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The Colorado Renewable Energy Society’s position on nuclear power

The Colorado Renewable Energy Society's position on nuclear power
Guiding principle: CRES recognizes that addressing climate change is an urgent issue. Requiring a rapid transition to zero-carbon energy sources. Some Colorado utilities and policymakers are exploring new nuclear power plants to provide zero-carbon electricity. Most existing nuclear power plants were built in the 1970s and 1980s and have significantly reduced carbon emissions from the electric sector.

However, the cost to build new nuclear power plants has increased greatly since then. Nuclear advocates claim next-generation nuclear technologies and Small Modular Reactors (SMRs) will make nuclear affordable. Colorado’s only experience with nuclear power, the Fort St. Vrain high-temperature gas-cooled reactor (HTGR), began operating in 1979, seven years behind schedule. It faced numerous operation and maintenance (O&M) problems and was decommissioned just ten years later, with Colorado ratepayers bearing much of the cost. Nuclear waste still remains at St. Vrain until a repository is opened.

The energy landscape is changing: In contrast to nuclear power, wind and solar are now the lowest-cost and fastest-growing sources of new generation. Colorado’s largest utility, Xcel, is on track to provide 85% of its electricity from wind and solar by 2030. These variable resources need to be firmed, with flexible sources such as demand response, storage, hydropower, as well as expanded transmission. Traditional base-load power plants cannot meet this need. CRES believes new nuclear power investment in Colorado is ill-advised for three reasons:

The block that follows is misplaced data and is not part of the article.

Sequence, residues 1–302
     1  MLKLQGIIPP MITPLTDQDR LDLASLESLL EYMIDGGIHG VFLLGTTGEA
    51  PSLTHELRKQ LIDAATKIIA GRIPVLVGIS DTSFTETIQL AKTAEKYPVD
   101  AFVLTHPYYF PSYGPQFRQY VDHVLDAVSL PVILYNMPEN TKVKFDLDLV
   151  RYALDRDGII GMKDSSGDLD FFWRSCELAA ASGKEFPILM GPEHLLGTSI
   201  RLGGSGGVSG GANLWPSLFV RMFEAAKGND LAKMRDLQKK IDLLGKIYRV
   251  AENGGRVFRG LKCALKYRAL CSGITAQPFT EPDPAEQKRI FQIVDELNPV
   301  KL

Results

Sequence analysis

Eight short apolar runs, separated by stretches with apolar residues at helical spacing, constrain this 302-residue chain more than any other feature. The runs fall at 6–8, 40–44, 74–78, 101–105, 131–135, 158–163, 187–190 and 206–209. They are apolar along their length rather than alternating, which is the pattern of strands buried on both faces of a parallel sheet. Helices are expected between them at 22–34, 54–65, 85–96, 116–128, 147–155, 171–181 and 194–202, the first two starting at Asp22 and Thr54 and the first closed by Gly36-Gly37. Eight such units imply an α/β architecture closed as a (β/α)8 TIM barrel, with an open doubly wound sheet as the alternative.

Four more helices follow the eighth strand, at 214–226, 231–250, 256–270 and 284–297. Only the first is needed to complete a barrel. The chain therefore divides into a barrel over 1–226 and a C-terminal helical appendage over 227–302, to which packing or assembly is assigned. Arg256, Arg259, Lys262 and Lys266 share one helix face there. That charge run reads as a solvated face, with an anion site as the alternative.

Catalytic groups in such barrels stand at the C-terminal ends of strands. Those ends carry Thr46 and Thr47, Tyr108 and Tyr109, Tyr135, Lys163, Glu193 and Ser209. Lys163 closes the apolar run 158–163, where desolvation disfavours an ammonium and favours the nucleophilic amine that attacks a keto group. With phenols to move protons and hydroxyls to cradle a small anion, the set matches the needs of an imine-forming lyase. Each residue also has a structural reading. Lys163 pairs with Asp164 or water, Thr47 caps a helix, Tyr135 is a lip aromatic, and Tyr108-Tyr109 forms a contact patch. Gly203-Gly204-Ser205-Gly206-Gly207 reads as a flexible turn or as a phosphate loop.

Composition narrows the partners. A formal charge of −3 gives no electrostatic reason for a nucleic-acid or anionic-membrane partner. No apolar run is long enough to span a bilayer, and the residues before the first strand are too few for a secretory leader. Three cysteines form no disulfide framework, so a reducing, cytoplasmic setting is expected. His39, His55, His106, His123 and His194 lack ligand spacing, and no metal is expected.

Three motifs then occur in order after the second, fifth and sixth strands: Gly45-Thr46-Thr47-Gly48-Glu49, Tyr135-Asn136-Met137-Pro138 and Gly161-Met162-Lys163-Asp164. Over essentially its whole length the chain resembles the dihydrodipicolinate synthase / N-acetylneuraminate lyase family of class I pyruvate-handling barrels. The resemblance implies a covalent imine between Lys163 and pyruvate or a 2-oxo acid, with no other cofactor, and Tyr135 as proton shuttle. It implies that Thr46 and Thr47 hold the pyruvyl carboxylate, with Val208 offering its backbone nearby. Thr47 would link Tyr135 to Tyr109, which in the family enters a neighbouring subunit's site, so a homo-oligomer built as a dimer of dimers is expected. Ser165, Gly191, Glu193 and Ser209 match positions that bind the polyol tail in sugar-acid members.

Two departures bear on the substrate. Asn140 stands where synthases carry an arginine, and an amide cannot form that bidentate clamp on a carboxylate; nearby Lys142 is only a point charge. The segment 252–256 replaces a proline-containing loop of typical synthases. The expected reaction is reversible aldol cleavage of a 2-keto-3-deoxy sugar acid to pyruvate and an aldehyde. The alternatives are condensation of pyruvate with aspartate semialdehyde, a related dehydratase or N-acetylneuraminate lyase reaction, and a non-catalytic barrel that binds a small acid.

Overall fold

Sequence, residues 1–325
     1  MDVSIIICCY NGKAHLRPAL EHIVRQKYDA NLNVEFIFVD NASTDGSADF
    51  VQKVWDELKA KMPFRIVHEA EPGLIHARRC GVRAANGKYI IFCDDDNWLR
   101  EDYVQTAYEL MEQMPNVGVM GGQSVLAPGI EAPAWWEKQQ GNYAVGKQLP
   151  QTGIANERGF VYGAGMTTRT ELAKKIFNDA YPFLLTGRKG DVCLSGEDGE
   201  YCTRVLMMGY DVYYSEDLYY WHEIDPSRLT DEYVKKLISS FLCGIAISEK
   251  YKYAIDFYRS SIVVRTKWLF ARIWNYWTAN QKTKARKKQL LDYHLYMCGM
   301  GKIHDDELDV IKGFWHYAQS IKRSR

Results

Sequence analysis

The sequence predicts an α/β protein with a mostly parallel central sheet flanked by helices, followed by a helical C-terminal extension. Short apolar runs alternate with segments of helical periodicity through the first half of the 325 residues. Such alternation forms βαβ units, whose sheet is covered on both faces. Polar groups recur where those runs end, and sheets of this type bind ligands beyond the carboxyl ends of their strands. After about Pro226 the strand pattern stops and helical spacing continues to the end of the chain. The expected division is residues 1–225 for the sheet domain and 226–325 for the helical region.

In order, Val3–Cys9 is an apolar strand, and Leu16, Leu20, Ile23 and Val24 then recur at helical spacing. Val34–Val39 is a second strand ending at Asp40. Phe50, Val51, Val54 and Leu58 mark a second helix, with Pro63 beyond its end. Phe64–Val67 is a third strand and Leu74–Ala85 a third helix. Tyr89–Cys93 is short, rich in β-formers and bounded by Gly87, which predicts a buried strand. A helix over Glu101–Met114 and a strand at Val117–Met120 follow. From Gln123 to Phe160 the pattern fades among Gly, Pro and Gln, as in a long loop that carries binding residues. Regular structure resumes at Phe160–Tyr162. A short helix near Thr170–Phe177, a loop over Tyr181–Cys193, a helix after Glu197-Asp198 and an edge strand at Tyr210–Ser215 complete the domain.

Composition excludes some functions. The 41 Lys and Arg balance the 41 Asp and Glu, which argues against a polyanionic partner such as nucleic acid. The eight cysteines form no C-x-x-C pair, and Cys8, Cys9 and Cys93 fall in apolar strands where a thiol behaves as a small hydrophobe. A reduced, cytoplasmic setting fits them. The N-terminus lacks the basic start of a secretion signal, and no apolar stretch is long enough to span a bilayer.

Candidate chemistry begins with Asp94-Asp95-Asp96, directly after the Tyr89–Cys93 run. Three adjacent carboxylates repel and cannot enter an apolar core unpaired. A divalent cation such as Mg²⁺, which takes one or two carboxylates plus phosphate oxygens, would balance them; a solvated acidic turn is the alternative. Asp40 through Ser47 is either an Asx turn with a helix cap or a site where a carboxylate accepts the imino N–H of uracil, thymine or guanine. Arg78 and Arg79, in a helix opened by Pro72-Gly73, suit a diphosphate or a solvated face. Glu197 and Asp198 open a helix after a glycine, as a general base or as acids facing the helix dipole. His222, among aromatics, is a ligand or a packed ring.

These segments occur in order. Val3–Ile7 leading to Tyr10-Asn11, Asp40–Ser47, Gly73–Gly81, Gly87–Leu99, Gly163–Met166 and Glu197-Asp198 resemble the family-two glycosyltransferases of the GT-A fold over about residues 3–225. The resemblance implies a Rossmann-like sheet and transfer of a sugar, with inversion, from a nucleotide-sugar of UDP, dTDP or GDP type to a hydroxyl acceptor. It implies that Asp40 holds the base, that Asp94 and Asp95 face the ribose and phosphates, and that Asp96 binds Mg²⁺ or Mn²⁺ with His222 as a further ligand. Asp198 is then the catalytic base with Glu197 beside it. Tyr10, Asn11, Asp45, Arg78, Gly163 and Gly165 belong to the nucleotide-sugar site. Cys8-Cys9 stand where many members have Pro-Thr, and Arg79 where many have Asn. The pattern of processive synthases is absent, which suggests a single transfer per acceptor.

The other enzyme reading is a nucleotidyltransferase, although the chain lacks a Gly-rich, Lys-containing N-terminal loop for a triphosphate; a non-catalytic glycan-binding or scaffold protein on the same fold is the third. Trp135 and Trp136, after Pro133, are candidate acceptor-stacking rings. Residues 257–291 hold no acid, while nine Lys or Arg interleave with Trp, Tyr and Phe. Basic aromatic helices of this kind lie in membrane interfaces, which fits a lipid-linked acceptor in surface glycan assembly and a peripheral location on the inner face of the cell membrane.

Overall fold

1. High cost: New nuclear power plants are very expensive. Cost projections for proposed U.S. Small Modular Reactors (SMRs) continue to increase. Newer nuclear technologies can face unforeseen challenges that add cost, as demonstrated by the Fort St. Vrain plant.

  2. Long construction time: U.S. nuclear power plants typically take over a decade to design, permit, and build. In that time, cheaper and faster-to-build zero-carbon resources could have displaced fossil generation and associated emissions.

  3. Lack of flexibility: Without thermal storage, which further raises capital costs, utilities will not operate nuclear power plants in the flexible manner that is needed because it reduces the revenue needed to pay off debt and increases O&M costs.

CRES’s stance: CRES opposes the use of taxpayer or rate-payer funds to support new nuclear power plants in Colorado because they are unlikely to provide timely, cheap, reliable, carbon-free power. Instead, CRES believes that funds should be invested in the rapid harnessing of Colorado’s extensive solar and wind resources, together with end-use efficiency, storage, demand response, and transmission. These demonstrated solutions address the urgent need to immediately and dramatically reduce carbon emissions.

Tom Corlett

Tom Corlett

Tom Corlett is a member of the CRES Policy Committee

This article originally appeared on The Pueblo Chieftain: The Colorado Renewable Energy Society’s position on nuclear power

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